Another quality that has the opportunity to either help us or hurt us is that of being detail-oriented. Again, this critical skill is an asset in most administrative situations, but it is a detriment when we try to focus on small details in situations where the purpose is to set a larger vision and overall strategy. For example, I too often see people unnecessarily dragging all meeting attendees down in minutiae that should be reserved for sub-committee meetings. This not only wastes everyone’s time, but it hurts that person’s ability to be viewed as a leader because they seem unable to tell the difference between a strategic meeting and a tactical one.

When you’re serving on a large committee or board that has assigned sub-committees, refrain from bringing up every detail at the large board meeting. Instead, make notes for yourself as you think of items that need addressing (so you don’t forget anything that should be discussed in committee). Then bring those items to the sub-committee meeting to be hammered out. Once they have been discussed (and suitable options identified) in sub-committee, they can be brought back to the board for further discussion and decisions.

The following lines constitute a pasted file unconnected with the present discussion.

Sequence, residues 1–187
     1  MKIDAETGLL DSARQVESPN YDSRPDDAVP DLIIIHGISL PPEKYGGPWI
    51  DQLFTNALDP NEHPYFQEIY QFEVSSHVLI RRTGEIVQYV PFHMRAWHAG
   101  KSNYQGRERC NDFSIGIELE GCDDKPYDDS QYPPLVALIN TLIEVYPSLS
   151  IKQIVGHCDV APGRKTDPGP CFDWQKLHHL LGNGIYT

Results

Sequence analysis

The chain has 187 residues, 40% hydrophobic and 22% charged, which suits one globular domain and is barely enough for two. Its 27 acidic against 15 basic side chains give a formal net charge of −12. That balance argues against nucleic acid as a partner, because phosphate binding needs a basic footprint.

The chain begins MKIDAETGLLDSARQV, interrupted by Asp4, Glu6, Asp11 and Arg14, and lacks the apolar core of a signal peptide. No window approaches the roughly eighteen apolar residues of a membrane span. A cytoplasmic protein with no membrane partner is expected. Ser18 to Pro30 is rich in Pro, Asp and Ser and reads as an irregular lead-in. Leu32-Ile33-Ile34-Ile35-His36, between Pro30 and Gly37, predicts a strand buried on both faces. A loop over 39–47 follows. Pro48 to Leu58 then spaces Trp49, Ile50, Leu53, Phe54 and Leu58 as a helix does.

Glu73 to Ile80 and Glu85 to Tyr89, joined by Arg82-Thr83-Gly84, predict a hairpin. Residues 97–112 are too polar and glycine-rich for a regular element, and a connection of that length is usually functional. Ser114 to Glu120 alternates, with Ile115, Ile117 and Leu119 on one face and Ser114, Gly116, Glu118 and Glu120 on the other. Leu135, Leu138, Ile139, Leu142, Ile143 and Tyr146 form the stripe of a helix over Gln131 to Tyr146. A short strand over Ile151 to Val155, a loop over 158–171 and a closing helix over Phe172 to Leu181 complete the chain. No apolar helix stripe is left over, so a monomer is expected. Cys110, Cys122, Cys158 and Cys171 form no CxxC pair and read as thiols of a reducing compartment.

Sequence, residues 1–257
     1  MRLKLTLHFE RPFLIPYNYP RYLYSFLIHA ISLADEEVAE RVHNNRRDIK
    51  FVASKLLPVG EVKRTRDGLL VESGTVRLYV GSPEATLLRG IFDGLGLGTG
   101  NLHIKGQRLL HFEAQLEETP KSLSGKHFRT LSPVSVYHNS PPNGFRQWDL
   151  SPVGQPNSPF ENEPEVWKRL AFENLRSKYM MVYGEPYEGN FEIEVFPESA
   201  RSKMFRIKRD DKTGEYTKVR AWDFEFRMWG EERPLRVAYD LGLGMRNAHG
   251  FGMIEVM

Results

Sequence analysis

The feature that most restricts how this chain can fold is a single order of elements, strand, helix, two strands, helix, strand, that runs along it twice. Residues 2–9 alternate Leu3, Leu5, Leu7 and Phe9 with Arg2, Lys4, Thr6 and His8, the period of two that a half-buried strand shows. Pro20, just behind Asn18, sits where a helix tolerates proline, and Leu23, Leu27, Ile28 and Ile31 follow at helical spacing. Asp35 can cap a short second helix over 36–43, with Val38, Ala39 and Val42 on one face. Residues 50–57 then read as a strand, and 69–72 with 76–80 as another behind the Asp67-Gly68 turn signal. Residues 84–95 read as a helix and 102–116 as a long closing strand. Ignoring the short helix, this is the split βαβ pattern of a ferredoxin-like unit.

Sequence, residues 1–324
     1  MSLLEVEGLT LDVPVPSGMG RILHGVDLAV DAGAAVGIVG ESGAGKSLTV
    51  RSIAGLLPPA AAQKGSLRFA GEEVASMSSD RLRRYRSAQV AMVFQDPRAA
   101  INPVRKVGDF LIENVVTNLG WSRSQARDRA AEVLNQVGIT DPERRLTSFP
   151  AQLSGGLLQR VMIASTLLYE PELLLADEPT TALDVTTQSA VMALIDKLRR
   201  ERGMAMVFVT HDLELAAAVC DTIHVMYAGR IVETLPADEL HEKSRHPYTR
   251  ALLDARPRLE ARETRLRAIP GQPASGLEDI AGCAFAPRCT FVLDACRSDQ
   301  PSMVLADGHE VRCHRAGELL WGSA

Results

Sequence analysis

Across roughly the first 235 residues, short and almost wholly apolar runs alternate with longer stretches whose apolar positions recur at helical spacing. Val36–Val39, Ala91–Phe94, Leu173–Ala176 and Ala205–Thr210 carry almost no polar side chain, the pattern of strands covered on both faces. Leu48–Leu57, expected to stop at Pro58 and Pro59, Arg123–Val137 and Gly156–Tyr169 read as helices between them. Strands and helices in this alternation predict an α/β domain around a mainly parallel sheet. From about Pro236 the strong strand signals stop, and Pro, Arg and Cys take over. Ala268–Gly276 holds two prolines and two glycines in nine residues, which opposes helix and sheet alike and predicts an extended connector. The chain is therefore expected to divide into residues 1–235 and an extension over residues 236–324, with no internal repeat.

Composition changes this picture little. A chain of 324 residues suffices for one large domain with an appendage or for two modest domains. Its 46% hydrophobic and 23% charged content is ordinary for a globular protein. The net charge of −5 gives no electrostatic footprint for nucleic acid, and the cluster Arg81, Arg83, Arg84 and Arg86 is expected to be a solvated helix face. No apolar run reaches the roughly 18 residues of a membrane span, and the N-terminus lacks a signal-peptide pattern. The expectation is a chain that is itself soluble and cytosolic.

One final example is that of taking initiative and not waiting to be asked to do something. While taking initiative when it comes to our own work and decision-making is always a benefit, it is wise to tread a little more carefully when you are brand new in an organization, or when you are suggesting a different way of doing things than someone else is doing it.

When you’re brand new, you want to contribute and may be very passionate about wanting to help, but trying to change too many things too quickly may confuse too many issues at once and cause you to appear scattered and unfocused; it may also rub people the wrong way.

The best way to approach this is to do a little homework before making suggestions. Take a little time to get to know the issues and the people involved. Find out if the new way you’d like to suggest has been suggested before; if so, investigate the success or failure of the suggested method, and any previous objections people have raised. By doing this, you can proceed slowly and methodically, address all concerns and avoid the “That’s been tried before and it failed!” objection so common in established organizations.